Visually describing AI technologies is not just about reaching out to the general public, it also means getting things marketing and technical communication right. Brian Runciman is the Head of Content – British Computer Society (BCS) The Chartered Institute of IT. His audience is not unfamiliar with complex ideas, so what are the expectations for accompanying images?
Brian’s work covers the membership magazine for BCS as well as a publicly available website full of news, reports and insights from members. The BCS membership is highly skilled, technically minded and well read – so the content on site and in the magazine needs to be appealing and engaging.
“We view our audience as the educated layperson,” Brian says. “There’s a base level of knowledge you can assume. You probably don’t have to explain what machine learning or adversarial networks are conceptually and we don’t go into tremendous depth because we have academic journals that do this.”
Of course writing for a technical audience also means Brian and his colleagues will get smart feedback when something doesn’t quite fit expectations. “With a membership of over 60 thousand, there are some that are very engaged with how published material is presented and quite rightly,” Brian says. “Bad imagery affects the perception of what something really is.”
So what are the rules that Brian and his writers follow? As with many publications there is a house style that they try to keep to and this includes the use of photography and natural imagery. This is common among news publications that choose this over illustration, graphics or highly manipulated images. In some cases this is used to encourage a sense of trust in the readership that images are accurate and have not been changed. This also tends to mean the use of stock images.
“Stock libraries need to do better,” Brian observes. “When you’re working quickly and stuff needs to be published, there’s not a lot of time to make image choices and searching stock libraries for natural imagery can mean you end up with a toy robot to represent things that are more abstract.”
“Terminators still come up as a visual shorthand,” he says. “But AI and automation designers are often just working to make someone’s use of a website a little bit slicker or easier. If you use a phone or a website to interact with an automated process it does what it is supposed to do and you don’t really notice it – it’s invisible and you don’t want to see it. The other issue is that when you present AI as a robot people think it is embodied. Obviously, there is a crossover but in process automation, there is no crossover, it’s just code, like so much else is.”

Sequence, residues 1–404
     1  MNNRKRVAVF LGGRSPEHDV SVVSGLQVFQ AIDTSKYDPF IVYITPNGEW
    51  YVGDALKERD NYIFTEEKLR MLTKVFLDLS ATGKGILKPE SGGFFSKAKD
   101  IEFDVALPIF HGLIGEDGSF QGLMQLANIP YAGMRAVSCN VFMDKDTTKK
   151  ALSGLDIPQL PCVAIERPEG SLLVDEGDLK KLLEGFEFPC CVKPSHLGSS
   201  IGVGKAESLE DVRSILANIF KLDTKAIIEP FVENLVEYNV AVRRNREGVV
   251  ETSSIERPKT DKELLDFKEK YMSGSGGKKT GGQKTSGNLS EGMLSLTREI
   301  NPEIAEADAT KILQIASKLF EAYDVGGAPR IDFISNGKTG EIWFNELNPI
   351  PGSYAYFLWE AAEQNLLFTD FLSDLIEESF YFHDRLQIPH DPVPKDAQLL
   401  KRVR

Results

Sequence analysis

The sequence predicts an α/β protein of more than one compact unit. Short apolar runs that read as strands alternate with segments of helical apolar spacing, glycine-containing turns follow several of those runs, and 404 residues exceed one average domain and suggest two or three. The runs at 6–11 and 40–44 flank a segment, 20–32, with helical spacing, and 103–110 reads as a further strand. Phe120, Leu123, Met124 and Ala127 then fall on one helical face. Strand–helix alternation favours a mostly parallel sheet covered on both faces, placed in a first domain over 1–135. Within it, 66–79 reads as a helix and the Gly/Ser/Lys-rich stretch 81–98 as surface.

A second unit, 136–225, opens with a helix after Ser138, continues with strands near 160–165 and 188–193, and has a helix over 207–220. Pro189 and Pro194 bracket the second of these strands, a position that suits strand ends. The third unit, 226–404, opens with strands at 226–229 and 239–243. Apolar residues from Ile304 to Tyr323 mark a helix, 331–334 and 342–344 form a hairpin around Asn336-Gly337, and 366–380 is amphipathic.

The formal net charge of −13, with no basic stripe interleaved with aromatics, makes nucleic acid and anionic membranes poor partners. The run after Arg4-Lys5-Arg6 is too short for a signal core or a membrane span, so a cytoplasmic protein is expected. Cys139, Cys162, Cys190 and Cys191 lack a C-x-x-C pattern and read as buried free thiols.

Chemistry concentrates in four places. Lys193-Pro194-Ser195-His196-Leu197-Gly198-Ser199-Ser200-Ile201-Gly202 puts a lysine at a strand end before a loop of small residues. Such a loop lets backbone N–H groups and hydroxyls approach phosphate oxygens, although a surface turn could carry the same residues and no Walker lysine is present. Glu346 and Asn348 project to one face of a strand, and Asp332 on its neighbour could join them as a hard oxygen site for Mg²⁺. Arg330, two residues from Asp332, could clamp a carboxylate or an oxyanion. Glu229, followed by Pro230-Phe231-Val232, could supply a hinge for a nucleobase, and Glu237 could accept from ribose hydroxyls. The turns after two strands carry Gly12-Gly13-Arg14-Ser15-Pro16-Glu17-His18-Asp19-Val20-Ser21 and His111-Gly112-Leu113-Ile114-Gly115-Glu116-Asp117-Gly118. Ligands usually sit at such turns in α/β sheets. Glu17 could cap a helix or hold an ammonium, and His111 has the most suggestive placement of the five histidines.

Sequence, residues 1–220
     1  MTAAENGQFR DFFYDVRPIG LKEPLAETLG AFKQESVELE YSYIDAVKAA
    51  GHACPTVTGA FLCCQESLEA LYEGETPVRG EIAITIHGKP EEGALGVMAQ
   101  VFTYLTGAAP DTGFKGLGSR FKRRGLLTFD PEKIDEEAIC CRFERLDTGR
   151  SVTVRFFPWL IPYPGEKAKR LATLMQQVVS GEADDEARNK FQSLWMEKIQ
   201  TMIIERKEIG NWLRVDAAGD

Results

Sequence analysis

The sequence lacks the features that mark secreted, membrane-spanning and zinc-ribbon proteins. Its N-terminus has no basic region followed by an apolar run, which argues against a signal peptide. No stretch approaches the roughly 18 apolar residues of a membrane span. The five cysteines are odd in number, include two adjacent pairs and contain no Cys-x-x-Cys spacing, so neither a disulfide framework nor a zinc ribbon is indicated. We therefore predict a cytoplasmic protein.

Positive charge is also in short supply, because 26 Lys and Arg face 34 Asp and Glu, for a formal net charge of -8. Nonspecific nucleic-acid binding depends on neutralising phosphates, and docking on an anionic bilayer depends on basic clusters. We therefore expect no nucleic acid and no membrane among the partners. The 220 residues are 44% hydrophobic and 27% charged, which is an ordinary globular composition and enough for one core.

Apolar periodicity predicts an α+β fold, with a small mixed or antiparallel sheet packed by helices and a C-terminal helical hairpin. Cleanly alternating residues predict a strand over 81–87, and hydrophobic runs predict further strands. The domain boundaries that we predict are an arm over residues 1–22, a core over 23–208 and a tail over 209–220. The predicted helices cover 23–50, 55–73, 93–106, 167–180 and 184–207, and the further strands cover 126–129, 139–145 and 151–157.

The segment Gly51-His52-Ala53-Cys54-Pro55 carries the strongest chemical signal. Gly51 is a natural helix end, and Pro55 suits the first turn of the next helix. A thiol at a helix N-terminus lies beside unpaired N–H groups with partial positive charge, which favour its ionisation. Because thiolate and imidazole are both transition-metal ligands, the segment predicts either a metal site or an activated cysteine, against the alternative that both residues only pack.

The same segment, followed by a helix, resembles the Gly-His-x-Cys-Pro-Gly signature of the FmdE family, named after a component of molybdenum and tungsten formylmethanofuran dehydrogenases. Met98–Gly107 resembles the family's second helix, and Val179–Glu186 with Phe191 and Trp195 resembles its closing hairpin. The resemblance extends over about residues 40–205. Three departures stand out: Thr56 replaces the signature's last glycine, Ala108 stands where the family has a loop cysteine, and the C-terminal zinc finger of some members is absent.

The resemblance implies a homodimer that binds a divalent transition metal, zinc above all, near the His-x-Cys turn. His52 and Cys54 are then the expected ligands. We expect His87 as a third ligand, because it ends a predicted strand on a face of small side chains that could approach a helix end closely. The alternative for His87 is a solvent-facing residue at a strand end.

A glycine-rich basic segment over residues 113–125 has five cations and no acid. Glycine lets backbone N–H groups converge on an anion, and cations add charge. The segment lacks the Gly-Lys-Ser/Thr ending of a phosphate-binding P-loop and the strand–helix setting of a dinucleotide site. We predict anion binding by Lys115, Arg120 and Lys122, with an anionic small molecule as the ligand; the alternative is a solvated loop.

Tone things down and make them relatable
Brian’s decades-long career in publishing means he has some go-to methods for working out the best way to represent an article. “I try to find some other aspect of the piece to focus on,” he says. “So in a piece about weather modelling, we could try and show a modelling algorithm but the other word in the headline is weather and an image of this is something we can all relate to.”
Brian’s work also means that he has observed trends in the use of images. “A decade or so ago it was more important to show tech,” he says. “In a time when that was easily represented by gadgets and products this was easier than trying to describe technologies like AI. Today we publish in times when people are at the heart of tech stories and those people need to look happy.”
Pictures of people are a good way to show the impact of AI and its target users, but it also raises other questions about diversity – especially if the images are predominantly of middle aged white men. “It’s not necessary,” says Runciman. “We have a lot of head shots of our members that are very diverse. We have people from minorities, researchers who are not white or middle aged – of which there are loads. When people say they can’t find diverse people for a panel I find it ridiculous, there are so many people out there to work with. So we tend to focus on the person who is working on a technology and not just the AI itself.”
The use of images is something that Brian sees every day for work, so what would be on his wish list when it comes to better images of AI? “No cartoon characters and minimal colour usage – something subtle,” he muses. “Skeletal representations of things – line representations of networks, rendered in subtle and fewer colours.” This nods at the cliches of blue and strange bright lights that you can find in a simple search for AI images, but as Brian points out, there are subtler ways of depicting a network and images for publishing that can still be attractive without being an eyesore.